January 13, 2011

Answering the elusive QUESTION

I am always amazed at how OCD finds a way of permeating my life.  Just when I think I am starting to gain control over the OCD monster, it finds ways of posing a question that is different enough to stop me in my tracks and in a split second I have started……..ritualizing again.  Compulsively trying to find the answer – whether that be through checking the internet, reassuring myself, or analyzing things down to every minute detail until I am absolutely mentally exhausted.  The worst, most frustrating part of this is that I have not yet become skilled enough to see it for what it is – yet another OCD question – dressed up quite nicely in a new costume, but in the end it has the same goal – to try to get certainty in the area of my OCD fears.  Expwoman seems to do a great job at "externalizing" her OCD and identifying when the OCD monster is trying to take hold of her thoughts.  She and I have been corresponding about this lately.  I think being able to recognize the pattern is very helpful in achieving recovery. 
I picked up Dr. Grayson’s book again and started reading it for the third time.  I think I will need to read it again, and again, and again.  He very effectively explains the nature of living with uncertainty and how this is the goal for all people in treatment for OCD.  If you have been reading my prior posts – you will know that I’ve struggled with this immensely.  The concept of not being certain about one’s sexuality, or certain about one’s choice in partner seemed so foreign to me.  I even wrote a post that gave examples of people who seemed to have "found the answer" and achieved "certainty".  But I think I am starting to understand this concept now, and the notion that for non-OCD sufferers, they may be able to FEEL certain about something, but that doesn’t mean that it IS certain.  I even have this type of certainty in other non-OCD areas of my life.  I remember writing an example in a previous blog post about picking up my dog’s poop, and having the thought “I could get worms”.  I definitely in that moment felt certain that I didn’t have worms, but I also could have been wrong.  Just because I feel certain about something doesn't mean that I am right.  And I wouldn’t have found out for sure until later.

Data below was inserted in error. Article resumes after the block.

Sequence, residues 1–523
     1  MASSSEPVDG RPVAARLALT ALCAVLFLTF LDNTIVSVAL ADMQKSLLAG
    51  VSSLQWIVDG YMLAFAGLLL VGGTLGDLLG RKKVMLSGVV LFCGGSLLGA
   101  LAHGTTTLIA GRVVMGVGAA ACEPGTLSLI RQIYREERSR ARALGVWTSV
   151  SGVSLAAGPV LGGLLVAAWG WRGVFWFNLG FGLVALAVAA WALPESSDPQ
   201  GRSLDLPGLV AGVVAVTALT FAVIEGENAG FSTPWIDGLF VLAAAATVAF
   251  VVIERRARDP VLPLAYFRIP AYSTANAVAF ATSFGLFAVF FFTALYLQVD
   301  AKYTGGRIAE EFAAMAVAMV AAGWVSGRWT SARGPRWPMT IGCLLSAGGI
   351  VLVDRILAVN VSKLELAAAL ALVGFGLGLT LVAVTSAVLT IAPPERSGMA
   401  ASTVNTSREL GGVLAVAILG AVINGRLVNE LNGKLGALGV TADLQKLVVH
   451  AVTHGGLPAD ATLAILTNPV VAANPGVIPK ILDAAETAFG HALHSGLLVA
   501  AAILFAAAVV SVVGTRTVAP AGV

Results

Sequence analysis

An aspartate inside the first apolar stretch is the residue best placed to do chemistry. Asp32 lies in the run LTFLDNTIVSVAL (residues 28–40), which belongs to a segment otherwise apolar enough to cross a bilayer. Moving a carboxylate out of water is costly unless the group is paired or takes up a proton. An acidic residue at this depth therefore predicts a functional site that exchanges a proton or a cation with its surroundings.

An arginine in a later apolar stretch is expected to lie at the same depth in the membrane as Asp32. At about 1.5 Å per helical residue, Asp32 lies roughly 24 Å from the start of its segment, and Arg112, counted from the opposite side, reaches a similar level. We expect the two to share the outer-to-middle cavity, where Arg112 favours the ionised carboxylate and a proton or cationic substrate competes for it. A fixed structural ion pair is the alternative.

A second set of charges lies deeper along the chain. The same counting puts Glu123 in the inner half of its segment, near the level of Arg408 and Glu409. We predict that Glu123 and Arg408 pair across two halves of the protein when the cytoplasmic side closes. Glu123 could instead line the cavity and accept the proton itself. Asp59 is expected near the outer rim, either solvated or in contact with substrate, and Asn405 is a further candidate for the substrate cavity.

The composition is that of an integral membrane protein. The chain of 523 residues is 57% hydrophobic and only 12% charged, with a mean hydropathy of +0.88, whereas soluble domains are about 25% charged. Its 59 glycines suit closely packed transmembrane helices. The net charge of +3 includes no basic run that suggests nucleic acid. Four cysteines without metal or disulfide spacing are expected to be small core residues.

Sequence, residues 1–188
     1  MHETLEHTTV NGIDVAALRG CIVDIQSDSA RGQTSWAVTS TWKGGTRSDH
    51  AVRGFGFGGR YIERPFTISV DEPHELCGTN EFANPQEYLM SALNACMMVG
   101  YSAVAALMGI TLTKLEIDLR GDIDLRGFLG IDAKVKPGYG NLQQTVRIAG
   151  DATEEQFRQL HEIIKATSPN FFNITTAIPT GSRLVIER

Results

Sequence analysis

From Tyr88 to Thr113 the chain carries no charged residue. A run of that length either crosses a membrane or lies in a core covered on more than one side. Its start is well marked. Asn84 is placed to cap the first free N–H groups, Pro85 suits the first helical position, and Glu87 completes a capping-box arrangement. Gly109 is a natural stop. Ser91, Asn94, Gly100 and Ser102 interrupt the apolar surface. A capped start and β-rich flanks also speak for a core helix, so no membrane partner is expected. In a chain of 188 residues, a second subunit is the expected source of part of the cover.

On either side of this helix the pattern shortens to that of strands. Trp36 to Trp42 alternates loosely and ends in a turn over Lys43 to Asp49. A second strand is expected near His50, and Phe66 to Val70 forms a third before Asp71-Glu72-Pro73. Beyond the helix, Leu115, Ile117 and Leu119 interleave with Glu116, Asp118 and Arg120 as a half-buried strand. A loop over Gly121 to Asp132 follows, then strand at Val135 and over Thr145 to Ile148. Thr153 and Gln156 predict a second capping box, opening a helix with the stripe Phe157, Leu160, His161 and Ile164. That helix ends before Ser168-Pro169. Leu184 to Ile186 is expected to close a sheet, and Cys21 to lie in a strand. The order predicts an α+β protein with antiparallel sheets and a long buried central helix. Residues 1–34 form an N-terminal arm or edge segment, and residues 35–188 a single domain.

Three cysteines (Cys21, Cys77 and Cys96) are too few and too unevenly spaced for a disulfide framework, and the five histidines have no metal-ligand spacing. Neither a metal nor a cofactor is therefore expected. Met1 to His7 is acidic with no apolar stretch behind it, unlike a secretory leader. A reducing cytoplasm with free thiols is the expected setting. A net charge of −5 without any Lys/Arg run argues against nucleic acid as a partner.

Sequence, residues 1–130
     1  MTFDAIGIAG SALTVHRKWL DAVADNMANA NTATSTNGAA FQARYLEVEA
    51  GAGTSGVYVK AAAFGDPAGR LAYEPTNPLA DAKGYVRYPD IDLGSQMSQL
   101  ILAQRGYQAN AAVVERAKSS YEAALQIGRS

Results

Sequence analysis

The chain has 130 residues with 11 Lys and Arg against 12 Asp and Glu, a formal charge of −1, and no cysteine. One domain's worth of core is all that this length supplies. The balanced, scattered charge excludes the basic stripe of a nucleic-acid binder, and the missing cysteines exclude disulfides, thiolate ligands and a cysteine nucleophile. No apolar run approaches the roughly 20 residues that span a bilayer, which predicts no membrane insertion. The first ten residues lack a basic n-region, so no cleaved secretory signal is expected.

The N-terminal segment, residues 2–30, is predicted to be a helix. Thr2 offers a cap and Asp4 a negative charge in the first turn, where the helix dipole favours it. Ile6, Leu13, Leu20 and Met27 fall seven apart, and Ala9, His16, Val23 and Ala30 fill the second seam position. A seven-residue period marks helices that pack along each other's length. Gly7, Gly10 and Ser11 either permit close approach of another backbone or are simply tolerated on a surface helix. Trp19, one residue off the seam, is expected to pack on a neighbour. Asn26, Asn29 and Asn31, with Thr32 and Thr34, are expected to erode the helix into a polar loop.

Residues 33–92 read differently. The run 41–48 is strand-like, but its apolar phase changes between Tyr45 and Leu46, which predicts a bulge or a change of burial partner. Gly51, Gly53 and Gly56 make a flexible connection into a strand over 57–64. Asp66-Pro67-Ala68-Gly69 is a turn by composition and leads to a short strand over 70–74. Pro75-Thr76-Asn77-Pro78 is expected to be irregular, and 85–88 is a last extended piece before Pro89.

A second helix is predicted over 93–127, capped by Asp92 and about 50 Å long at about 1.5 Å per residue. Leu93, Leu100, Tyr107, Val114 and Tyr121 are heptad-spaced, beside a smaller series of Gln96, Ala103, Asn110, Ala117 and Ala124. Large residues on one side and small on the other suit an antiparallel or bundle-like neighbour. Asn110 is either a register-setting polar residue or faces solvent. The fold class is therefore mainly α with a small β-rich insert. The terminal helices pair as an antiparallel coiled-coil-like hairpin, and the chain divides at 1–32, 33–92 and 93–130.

Dr. Grayson explains that the key to recovery is allowing oneself to have the disturbing thoughts without ever knowing what they mean.  I could always get my head around how that would relate to other’s OCD concerns – for example – those with violent obsessions.  But for someone like me – someone who struggles with the fear of becoming a lesbian, or the fear that I might be in the wrong relationship – letting go of trying to figure it all out is a much tougher concept.  Shouldn’t I be TRYING to figure all this stuff out?  Isn’t that the whole point of life?  Self-discovery in the quest for greater happiness?  There is a great risk for me in not compulsively trying to find the answer.  I feel like by not searching for the answer – I am allowing myself the possibility to be in denial (about my sexuality and about my relationship).  And that could be very hurtful – for myself and for my boyfriend.  (As an aside – this was great insight for me and I think will help when writing out exposure scripts and facing my feared consequences.)
When I look back on how I have approached treatment in the last few months – it has been with various amounts of consistency when it comes to stopping ritualizing.  Some days it was because I just couldn’t take the anxiety that I was feeling, and other days it was because I didn’t know I was ritualizing!  Either way, I hope that I have moved through to a new level of understanding of this disorder armed with more resolve for fighting. 

2 comments:

  1. It took a lot of practice for me to get some distance from my compulsive thought processes--I've been in ERP therapy for 4 years--don't let that scare you. It was so worth practicing, especially since the alternative would've been going deeper into the ocd and losing even more of my life. Remember, if you listen to the argument that "Shouldn't people figure out relationships? What if I don't and it harms my relationship with my bf?" this doesn't come without a cost--the more I gave into my compulsions, the harder it was on my relationship with my husband, even though I was supposedly compulsing in order to protect and strengthen my relationship.

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  2. Expwoman - I am actually relieved to hear that you've been practicing ERP for 4 years because as you know - lately I seem to think I should have this OCD "licked" because I've been doing ERP for 5 months! I read somewhere that one of the OCD experts said a moderate - severe case of OCD could take up to two years to see good results - that also made me feel better. (I know - this is becoming another obsession of mine!) I agree - the irony is that in trying to protect certain things and "avoid" bad things from happening - we actually seemingly bring them on. I will keep practicing though today seems to be going better.

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